InlineAsm and allocation to wrong register for indirect access

Hi,

I am seeing a case, in a private port, of an inline asm with indirect
memory references being allocated invalid registers (i.e. registers that
cannot be used on loads).

For example, the inline asm constraint is correct:
call void asm sideeffect "MOV $$r0, $0\0AMOV $$r0, $1\0A",
"*m,*m,~{r0}"(i16* @a, i16* %b) #1, !srcloc !1

but then $0 and $1 are allocated to registers that cannot be used as a
memory base pointer.

I am having trouble finding where this decision is made. Is InlineAsm
going through the normal register allocation process or does it have its
own specialized algorithm?

Any pointers to how registers are allocated in an InlineAsm would be
helpful.

Kind regards,

Hi,

I'm not sure where this decision is done but it's possible that there's no constraint-specific selection of register classes for memory operands at the moment in which case it probably uses ${Target}RegisterInfo::getPointerRegClass() without checking the constraint code. I had a similar problem with constraint-specific offset ranges a year or so ago and found that all memory constraints were hardcoded to be 'm' regardless of the constraint in the inline assembly statement.

Here's a couple things to look for that might help you find the right code: If you search for getFlagWordForMem() you'll find the code that passes the constraint id (Constraint_m, Constraint_ZC, etc.) into SelectionDAG's ISD::INLINEASM node and https://reviews.llvm.org/rL275786 made the constraint available to the TargetOpcode::INLINEASM instruction. Also, register constraints pick the register class (and sometimes the register too) in ${Target}TargetLowering::getRegForInlineAsmConstraint().

Hope that helps

Thanks Daniel,

I found the problem to be on our SelectInlineAsmMemoryOperand which was
not returning the correct operand. Now, if I implement it similarly to
PPC by returning a COPY_TO_REGCLASS of the operand, I get the correct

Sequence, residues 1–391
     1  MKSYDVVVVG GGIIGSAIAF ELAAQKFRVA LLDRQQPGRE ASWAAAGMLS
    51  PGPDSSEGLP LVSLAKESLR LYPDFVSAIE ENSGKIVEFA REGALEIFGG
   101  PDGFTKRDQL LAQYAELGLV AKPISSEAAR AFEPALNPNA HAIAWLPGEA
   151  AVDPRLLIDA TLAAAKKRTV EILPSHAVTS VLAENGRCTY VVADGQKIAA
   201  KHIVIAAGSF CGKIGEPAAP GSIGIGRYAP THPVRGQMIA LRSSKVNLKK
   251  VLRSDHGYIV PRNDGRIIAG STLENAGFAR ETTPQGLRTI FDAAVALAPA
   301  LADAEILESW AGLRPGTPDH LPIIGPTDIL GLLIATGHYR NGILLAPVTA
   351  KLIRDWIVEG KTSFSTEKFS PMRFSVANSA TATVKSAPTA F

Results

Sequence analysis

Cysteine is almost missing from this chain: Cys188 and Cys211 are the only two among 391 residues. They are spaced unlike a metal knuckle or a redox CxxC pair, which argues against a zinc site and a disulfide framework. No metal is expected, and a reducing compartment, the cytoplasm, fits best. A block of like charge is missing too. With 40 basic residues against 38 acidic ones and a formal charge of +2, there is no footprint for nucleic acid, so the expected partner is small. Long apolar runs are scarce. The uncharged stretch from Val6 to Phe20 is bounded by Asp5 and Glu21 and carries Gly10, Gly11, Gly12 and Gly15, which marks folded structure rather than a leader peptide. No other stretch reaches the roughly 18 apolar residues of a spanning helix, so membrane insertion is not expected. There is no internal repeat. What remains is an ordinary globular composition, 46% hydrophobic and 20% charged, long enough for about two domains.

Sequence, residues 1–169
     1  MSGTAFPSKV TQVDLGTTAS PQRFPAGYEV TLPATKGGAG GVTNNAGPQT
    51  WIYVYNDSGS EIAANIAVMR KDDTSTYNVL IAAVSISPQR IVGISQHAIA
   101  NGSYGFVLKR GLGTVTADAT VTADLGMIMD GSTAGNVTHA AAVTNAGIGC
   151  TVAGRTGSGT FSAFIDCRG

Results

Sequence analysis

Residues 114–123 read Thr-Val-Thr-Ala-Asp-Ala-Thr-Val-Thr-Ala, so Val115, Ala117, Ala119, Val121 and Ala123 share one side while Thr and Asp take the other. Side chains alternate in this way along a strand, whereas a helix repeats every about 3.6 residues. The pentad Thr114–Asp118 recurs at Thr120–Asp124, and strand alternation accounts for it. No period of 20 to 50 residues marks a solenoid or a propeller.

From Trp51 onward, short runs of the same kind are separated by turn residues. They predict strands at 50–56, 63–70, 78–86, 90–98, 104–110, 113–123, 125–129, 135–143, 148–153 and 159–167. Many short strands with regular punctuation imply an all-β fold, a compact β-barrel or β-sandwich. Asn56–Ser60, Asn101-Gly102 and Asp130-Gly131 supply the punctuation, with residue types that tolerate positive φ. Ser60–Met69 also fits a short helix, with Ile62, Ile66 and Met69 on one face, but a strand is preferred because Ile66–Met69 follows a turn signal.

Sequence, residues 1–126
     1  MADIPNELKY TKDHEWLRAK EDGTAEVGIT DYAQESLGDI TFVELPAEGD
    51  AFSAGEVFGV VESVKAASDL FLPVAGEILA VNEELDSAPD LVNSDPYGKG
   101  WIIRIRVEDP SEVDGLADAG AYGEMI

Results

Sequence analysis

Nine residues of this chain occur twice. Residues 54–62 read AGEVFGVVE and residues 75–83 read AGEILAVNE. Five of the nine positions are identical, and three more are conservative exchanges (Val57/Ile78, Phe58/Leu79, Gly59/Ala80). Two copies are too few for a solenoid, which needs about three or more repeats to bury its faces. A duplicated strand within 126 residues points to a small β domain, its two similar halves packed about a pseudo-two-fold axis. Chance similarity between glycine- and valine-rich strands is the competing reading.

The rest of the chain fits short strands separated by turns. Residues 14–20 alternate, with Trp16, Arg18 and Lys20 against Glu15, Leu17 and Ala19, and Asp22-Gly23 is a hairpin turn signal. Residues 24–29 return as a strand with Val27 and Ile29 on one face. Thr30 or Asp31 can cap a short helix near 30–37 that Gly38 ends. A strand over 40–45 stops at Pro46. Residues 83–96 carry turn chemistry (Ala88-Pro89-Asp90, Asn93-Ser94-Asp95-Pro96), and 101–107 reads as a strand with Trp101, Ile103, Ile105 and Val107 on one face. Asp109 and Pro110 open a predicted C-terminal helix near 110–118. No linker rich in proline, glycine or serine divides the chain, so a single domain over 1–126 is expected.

operand but with the strange offset.

So a load from an operand to r0: mov r0, %0, where %0 has 'm' constraint
is transformed into mov r0, @r4+12. r4 is the correct choice for a load
but I have no idea where `+12` comes from.

Do you know how to find where this offset could be added? The IR doesn't
show the operand show it's impossible to tell from a straightforward
debug dump.

From: Paulo Matos [pmatos@linki.tools]
Sent: 22 July 2016 19:52
To: Daniel Sanders; llvm-dev@lists.llvm.org
Subject: Re: [llvm-dev] InlineAsm and allocation to wrong register for indirect access

> Hi,
>
> I'm not sure where this decision is done but it's possible that
> there's no constraint-specific selection of register classes for
> memory operands at the moment in which case it probably uses
> ${Target}RegisterInfo::getPointerRegClass() without checking the
> constraint code. I had a similar problem with constraint-specific
> offset ranges a year or so ago and found that all memory constraints
> were hardcoded to be 'm' regardless of the constraint in the inline
> assembly statement.
>

Thanks Daniel,

I found the problem to be on our SelectInlineAsmMemoryOperand which was
not returning the correct operand. Now, if I implement it similarly to
PPC by returning a COPY_TO_REGCLASS of the operand, I get the correct
operand but with the strange offset.

So a load from an operand to r0: mov r0, %0, where %0 has 'm' constraint
is transformed into mov r0, @r4+12. r4 is the correct choice for a load
but I have no idea where `+12` comes from.

Do you know how to find where this offset could be added? The IR doesn't
show the operand show it's impossible to tell from a straightforward
debug dump.

--
Paulo Matos

One place Mips does it is in SelectInlineAsmMemoryOperand() (the second operand we push to OutOps is an offset) but if you're doing things the same way as PowerPC then it won't be that since it only pushes the base to OutOps.

It might be introduced when the compiler eliminates the frameindex placeholders. If that's the case you then you should be able to trace the offset back to a <frameindex> in the -print-after-all output. Simon fixed this problem for Mips in https://reviews.llvm.org/rL275786 when he made ${Target}RegisterInfo::eliminateFI() (it's called eliminateFrameIndex() on PowerPC) enforce the correct limit on the offsets for Constraint_ZC.